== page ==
While Exelon (NYSE:EXC) is still looking to shore up the economic future of certain Midwest nuclear units, the company is heartened by recent action by Illinois lawmakers requiring state regulators to study the implications of premature nuclear plant retirements.
The Illinois House passed HR 1146 in late May that calls upon various state agencies to study ways to best support Illinois nuclear plants. The affected state agencies are directed to report their findings to the General Assembly and Gov. Pat Quinn (D). The findings should be reported between Nov.15 and when the 98th General Assembly adjourns.
The resolution directs the state Department of Commerce and Economic Opportunity to prepare a report showing how premature closing of existing nuclear plants in Illinois will affect jobs and business. The Illinois EPA is instructed to prepare a report on how premature retirements of nuclear units would affect greenhouse gas emissions.
The Illinois Power Agency is directed to prepare a report showing how nuclear plant retirements would affect reliability and capacity for the Midwest region. In addition, the Illinois Commerce Commission is urged to prepare a report on how transmission infrastructure might be expanded “to allow Illinois to transport clean electricity to other parts of the nation.”
An Exelon spokesperson told GenerationHub that Exelon has committed to Gov. Quinn and Illinois House and Senate leadership, labor leaders and other stakeholders that the company won’t make any decisions about its economically challenged nuclear plants in Illinois before June 2015.
“We look forward to working with policymakers, our friends in labor, and other key stakeholders to find needed long-term solutions and bring about necessary reforms,” the Exelon spokesperson said.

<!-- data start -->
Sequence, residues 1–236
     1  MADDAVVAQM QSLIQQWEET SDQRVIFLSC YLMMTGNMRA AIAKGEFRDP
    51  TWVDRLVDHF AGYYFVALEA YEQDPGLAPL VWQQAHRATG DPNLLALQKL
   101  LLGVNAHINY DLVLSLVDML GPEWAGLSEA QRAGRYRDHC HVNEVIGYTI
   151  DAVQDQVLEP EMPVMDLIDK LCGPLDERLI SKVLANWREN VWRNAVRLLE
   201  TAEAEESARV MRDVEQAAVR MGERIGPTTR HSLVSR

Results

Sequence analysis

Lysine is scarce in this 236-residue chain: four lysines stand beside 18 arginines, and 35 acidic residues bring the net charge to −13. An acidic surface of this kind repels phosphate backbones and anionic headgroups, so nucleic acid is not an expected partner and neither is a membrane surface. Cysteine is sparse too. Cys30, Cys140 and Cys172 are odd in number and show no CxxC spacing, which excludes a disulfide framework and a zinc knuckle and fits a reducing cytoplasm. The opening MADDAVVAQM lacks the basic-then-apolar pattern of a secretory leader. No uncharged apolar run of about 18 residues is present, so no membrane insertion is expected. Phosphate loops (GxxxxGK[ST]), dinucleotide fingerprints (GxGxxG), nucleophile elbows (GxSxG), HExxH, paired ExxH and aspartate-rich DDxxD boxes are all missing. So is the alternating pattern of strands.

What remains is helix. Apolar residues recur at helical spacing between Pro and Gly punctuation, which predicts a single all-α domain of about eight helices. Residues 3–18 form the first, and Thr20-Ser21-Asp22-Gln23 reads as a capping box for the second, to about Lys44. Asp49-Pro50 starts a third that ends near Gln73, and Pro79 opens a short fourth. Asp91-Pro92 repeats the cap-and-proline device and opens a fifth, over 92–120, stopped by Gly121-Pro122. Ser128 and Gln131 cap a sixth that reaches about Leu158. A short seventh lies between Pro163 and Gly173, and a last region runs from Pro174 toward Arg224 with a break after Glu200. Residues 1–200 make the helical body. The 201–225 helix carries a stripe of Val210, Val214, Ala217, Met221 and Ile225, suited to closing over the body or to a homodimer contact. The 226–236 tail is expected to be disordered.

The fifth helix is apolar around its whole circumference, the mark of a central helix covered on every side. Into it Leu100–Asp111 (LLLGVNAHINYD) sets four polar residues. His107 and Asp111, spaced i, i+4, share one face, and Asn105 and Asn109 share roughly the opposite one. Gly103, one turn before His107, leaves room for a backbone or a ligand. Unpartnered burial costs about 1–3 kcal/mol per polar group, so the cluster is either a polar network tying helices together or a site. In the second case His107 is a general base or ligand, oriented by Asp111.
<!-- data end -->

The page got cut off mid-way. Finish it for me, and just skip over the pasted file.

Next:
Exelon nuclear plants in Illinois include Braidwood, Byron, Clinton, Dresden, LaSalle and Quad Cities.
Early this year, Exelon CEO Chris Crane said some of the nuclear units were struggling financially and could be in danger of premature retirement. Crane has said that baseload nuclear power is not fully valued in the current marketplace. He also faulted subsidized renewable energy for distorting the market.
Crane then said in May in Washington, D.C., that the situation has improved somewhat in recent months.
The Illinois House resolution says that Illinois nuclear plants account for over half of the state’s total electricity generation and 92% of the state’s non-carbon electric generation.
When asked about the U.S. EPA’s recently-announced rule proposal to cut CO2 emissions 30% below 2005 levels by 2030, the Exelon spokesman said the company is still reviewing it.
“We are pleased that the draft rule recognizes the critical importance of supporting the continued operation of the nation’s nuclear fleet. Our fleet provides around the clock, emissions-free energy that performs during all weather conditions, including times of severe weather like the polar vortex,” the Exelon spokesman said.
“We look forward to working with EPA and key stakeholders in the coming months as the rule is finalized,” the company spokesperson said.
When asked if the EPA rule proposal could make Exelon re-think its earlier decision to retire Oyster Creek by the end of 2019, the spokesman was non-committal.
“Exelon has not changed its plans to operate Oyster Creek until 2019. As always, we continually review the economic viability of all our generating units,” the spokesperson said.